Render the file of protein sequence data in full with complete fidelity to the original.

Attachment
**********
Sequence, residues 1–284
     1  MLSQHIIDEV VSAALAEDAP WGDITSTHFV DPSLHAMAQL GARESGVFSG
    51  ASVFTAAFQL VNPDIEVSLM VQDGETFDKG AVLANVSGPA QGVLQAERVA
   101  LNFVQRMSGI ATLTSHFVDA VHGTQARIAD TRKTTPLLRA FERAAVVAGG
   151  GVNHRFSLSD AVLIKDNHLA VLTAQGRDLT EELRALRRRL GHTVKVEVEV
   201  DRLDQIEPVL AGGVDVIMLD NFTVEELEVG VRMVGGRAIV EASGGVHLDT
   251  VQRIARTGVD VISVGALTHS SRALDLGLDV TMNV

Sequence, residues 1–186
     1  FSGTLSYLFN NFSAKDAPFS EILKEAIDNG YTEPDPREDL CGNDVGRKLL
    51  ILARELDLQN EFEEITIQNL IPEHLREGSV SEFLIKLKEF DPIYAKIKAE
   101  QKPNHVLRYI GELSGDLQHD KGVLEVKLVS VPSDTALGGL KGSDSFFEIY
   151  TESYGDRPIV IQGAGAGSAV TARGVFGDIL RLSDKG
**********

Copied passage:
Sequence, residues 1–284
     1  MLSQHIIDEV VSAALAEDAP WGDITSTHFV DPSLHAMAQL GARESGVFSG
    51  ASVFTAAFQL VNPDIEVSLM VQDGETFDKG AVLANVSGPA QGVLQAERVA
   101  LNFVQRMSGI ATLTSHFVDA VHGTQARIAD TRKTTPLLRA FERAAVVAGG
   151  GVNHRFSLSD AVLIKDNHLA VLTAQGRDLT EELRALRRRL GHTVKVEVEV
   201  DRLDQIEPVL AGGVDVIMLD NFTVEELEVG VRMVGGRAIV EASGGVHLDT
   251  VQRIARTGVD VISVGALTHS SRALDLGLDV TMNV

Sequence, residues 1–186
     1  FSGTLSYLFN NFSAKDAPFS EILKEAIDNG YTEPDPREDL CGNDVGRKLL
    51  ILARELDLQN EFEEITIQNL IPEHLREGSV SEFLIKLKEF DPIYAKIKAE
   101  QKPNHVLRYI GELSGDLQHD KGVLEVKLVS VPSDTALGGL KGSDSFFEIY
   151  TESYGDRPIV IQGAGAGSAV TARGVFGDIL RLSDKG